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Production and transfer kinetics of three aroma compounds into the coffee beans during simulated wet processing and their fate after the transfer

Hadj Salem F., Sieczkowski N., Boulanger R., Collignan A.. 2021. In : 28th Conference of Association for the Science and Information on Coffee - Books of abstracts. Montpellier : ASIC, p. 93. Conference of Association for the Science and Information on Coffee (ASIC 2021). 28, 2021-06-28/2021-07-01, Montpellier (France).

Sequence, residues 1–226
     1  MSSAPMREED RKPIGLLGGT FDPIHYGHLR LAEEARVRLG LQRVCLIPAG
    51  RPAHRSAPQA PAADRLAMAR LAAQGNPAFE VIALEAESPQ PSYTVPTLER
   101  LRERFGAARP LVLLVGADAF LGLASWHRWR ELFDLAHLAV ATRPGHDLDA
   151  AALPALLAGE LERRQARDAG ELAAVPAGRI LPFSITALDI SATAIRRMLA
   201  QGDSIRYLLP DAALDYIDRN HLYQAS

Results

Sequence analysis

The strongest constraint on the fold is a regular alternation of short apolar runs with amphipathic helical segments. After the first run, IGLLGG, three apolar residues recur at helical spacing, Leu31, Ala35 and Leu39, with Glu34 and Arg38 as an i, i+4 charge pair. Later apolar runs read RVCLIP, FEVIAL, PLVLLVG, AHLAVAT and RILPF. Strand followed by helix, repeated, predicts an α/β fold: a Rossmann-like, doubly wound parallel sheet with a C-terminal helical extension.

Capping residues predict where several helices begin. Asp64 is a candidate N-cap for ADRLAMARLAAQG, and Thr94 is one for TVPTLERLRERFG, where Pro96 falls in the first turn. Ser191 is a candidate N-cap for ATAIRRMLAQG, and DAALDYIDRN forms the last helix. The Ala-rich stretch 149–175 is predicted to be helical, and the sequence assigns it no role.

For the consumer, the flavor is arguably the most important aspect of coffee. Thereby, the coffee industry has dedicated efforts in improving and controlling the final beverage quality using roasting and brewing steps (de Carvalho Neto et al., 2018). Moreover, recent research studies have highlighted that the postharvest processing can have a direct impact on the quality and value of the final product, and they showed that wet processing offers a coffee with higher acidity and more aroma than dry and semi-dry processing (Pereira et al., 2017). Furthermore, Lee et al., (2017) assumed that there might exist a diffusion process of microbial metabolites into the coffee beans during the fermentation, enhancing the final coffee quality. However, one question remains: are aroma molecules able to be produced by yeast and then to cross the different layers (mucilage and parchment) surrounding the coffee beans during coffee fermentation and what happens to them in the bean once they are transferred? To answer this question, three labelled compounds with deuterium (butanal, 2-phenyethanol, isoamyl acetate) were used to study their transfer kinetics from a liquid medium into the coffee beans during simulated wet processing and to follow their fate in the beans. Ten grams of coffee samples were submerged in distilled water concentrated with marked compounds; they were maintained at 25°C and under agitation (120 rpm) for five time periods (0, 6, 12, 24 and 48 hours), then the transfer was stopped by washing the coffee beans with distilled water and the fate of the transferred volatiles in the coffee beans was studied during four time periods (3, 6, 9 and 15 hours) at 25 °C. For all trials, the labelled molecules were analyzed by SPME-GC-MS. Then the production kinetics of those three aroma compounds by three Saccharomyces cerevisiae strains were studied using a simulated coffee pulp media for 48 hours. Results showed that the three labelled molecules were transferred into the coffee beans with different mass transfer rates, reaching at 12hrs, 0.2±0.03 ,11.2±0.66 and 1.3±0.04µg/g of coffee respectively for butanal, 2-phenyethanol and isoamyl acetate. After their transfer into the beans, the level of 2-phenylethanol remained stable for 15 hours, whereas butanal and isoamyl acetate underwent a firstorder degradation reaction that could be linked to the metabolic germination reaction. The three yeast strains were able to produce those three volatiles during the fermentation of the simulated coffee pulp at different rate.

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